Plutarch as possibles - all connected with figures of Greek legend.) The Romulus and Remus story itself comes from a little known Greek writer of the 3rd century BC, Diocles of Peparethos.
Greeks found nothing strange about the Romans and admitted them freely to, e.g., the Isthmian games, since they saw them as Greek. Early Roman history is a blatant borrowing of Greek history and legend, by Greek writers of the 3rd and 2nd century. Livy has to incorporate these stories, but he rejects the notion of Romans being Greeks. Livy doesn't like Greeks and says they use their tongues more than anything else. We see this attitude in his digression on Alexander the Great in Book 9. Livy's contemporaries had said that Alexander, had he turned westward rather than eastward, would have taken over Italy. Livy says Alexander would have been wiped out.
As to where King Numa got his wisdom, most claimed it came from Pythagoras, but Livy points out that Pythagoras came to Italy about 500 BC and Numa lived about 700 BC, so a meeting is impossible on chronological grounds. Even if that were not so, however, asks Livy, how would Numa have known about Pythagoras, or reached him, or talked to him in a common language. More important, according to Livy, Numa didn't need Pythagoras because Numa was a good solid Sabine; that's where he got his wisdom.
Native virtues, not Greeks, explain, says Livy, Roman success. From the humble origins established by Romulus when he set up Rome as a place of asylum for runaway slaves, Rome evolved little by little by hard work. When Brutus drove out the last of the kings and established the Republic, Romans were ready for liberty (as they would not have been 2 centuries before). Lowly, crummy people had evolved into the greatest nation on earth - a model, thus, for the American founding fathers, who called themselves "the New Romans."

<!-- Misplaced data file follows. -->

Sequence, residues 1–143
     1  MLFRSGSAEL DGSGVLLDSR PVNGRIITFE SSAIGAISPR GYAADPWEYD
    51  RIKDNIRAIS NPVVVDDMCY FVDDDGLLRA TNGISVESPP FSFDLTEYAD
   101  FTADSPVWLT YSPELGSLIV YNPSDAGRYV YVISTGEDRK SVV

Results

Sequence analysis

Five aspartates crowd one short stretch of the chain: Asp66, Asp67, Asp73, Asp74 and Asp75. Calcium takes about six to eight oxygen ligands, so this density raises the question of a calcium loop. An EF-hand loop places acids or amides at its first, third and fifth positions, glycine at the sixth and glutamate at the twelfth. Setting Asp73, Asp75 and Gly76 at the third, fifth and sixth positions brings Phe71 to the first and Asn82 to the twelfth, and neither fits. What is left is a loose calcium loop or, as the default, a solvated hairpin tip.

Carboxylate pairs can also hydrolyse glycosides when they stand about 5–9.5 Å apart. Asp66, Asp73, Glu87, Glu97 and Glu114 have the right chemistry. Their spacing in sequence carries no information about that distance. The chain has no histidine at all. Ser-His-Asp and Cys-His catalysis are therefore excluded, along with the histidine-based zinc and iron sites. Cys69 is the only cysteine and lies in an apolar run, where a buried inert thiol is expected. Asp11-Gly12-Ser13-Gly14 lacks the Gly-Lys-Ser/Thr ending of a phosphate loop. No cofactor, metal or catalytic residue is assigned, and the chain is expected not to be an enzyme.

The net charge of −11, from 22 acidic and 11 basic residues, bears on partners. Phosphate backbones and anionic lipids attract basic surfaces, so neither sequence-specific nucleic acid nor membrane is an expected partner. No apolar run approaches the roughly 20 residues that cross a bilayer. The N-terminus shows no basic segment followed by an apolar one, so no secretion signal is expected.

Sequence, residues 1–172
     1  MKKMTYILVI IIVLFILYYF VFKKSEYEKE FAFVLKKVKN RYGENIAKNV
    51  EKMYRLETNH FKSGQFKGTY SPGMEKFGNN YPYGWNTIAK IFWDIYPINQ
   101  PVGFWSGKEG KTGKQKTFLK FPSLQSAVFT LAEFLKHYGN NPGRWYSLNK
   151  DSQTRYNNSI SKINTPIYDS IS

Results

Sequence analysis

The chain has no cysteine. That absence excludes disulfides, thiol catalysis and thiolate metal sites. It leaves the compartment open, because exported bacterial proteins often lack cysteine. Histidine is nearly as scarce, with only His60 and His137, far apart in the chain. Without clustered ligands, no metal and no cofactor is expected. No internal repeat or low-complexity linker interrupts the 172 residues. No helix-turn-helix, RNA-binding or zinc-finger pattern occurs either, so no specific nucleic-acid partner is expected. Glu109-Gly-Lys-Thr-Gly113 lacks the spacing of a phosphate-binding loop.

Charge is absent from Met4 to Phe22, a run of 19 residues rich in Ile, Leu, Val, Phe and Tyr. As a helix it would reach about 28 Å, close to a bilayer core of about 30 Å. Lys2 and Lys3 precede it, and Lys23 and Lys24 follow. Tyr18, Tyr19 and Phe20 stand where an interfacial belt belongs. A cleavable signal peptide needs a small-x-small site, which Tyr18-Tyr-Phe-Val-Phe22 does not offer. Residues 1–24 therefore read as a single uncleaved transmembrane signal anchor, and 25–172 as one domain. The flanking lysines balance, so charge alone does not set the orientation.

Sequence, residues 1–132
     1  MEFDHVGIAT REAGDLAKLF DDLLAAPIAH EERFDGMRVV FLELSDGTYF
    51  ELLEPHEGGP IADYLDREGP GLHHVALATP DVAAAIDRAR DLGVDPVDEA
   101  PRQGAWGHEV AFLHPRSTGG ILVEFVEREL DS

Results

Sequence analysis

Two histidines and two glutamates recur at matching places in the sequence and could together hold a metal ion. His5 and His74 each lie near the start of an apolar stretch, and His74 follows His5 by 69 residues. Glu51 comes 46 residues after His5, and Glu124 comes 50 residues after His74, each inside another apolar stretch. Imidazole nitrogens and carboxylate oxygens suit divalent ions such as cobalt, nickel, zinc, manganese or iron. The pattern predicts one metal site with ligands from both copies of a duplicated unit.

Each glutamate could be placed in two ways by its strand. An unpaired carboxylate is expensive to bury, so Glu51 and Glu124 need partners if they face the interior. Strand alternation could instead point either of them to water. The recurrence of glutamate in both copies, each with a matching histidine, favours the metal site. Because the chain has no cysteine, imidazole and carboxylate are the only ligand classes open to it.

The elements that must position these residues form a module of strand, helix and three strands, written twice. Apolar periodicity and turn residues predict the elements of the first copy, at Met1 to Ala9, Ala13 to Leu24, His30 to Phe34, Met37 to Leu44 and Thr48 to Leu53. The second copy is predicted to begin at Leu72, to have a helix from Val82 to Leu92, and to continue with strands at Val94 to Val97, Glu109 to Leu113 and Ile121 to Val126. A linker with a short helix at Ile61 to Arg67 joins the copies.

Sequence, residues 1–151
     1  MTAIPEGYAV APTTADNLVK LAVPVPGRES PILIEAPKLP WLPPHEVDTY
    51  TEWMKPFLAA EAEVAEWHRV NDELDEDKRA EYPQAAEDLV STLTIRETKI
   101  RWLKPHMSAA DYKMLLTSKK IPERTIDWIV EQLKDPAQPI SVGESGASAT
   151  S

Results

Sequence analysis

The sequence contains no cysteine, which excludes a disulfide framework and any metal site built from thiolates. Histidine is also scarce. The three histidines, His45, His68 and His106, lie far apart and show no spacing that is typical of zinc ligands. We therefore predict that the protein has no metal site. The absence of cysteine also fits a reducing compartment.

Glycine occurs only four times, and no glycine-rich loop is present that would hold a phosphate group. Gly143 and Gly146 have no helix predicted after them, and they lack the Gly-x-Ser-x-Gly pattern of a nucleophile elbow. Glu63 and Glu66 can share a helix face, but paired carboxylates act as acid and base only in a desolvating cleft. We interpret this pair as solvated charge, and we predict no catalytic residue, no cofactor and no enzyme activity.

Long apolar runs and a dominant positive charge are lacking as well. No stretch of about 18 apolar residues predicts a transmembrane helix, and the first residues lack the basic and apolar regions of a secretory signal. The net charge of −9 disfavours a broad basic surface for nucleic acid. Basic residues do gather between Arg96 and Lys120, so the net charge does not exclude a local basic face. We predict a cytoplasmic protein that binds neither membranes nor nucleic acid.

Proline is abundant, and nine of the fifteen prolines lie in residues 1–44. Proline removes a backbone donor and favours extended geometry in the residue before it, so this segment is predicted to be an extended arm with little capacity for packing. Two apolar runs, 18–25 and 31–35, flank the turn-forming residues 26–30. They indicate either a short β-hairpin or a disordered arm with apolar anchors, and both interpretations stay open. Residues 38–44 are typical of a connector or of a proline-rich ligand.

Livy didn't see Rome developed as the result of a few geniuses. Cato the Elder's history of early Rome often does not even give the names of early Romans who accomplished great feats; it was simply "the consul". Livy believes it was the people as a whole, despite the fact that in his own day the gap was growing ever greater between the rich, politically powerful the poor, who were no longer important in the political process. Augustus, in the forum he built, surrounded the perimeter with the statues of Roman greats from the past - put his own statue in the middle.
The Roman writer Sallust, unlike Livy, saw Roman history as a result of great individuals. Livy was popular in colonial America precisely because he presented simple, ordinary low-born people as the creators of Rome's great destiny. The soldier-farmer ethos, as exemplified in Cincinnatus, provided a model of life lived on the land. When, in 1663, the American colonist Sir William Berkeley visited England and heard comments about the lowliness of Americans, he said that he hoped that was so because that was why and how Rome came to be so great. When, in 1787, Thomas Jefferson's daughter wrote her father from Paris that Livy was giving her fits and she could not read him without the help of a tutor, Jefferson responded by return mail that he was distressed that she needed help to read her Livy. Part of her developing as a true American was to learn to rely on herself to read the author who had been so important in shaping the minds & ideals of the founding fathers.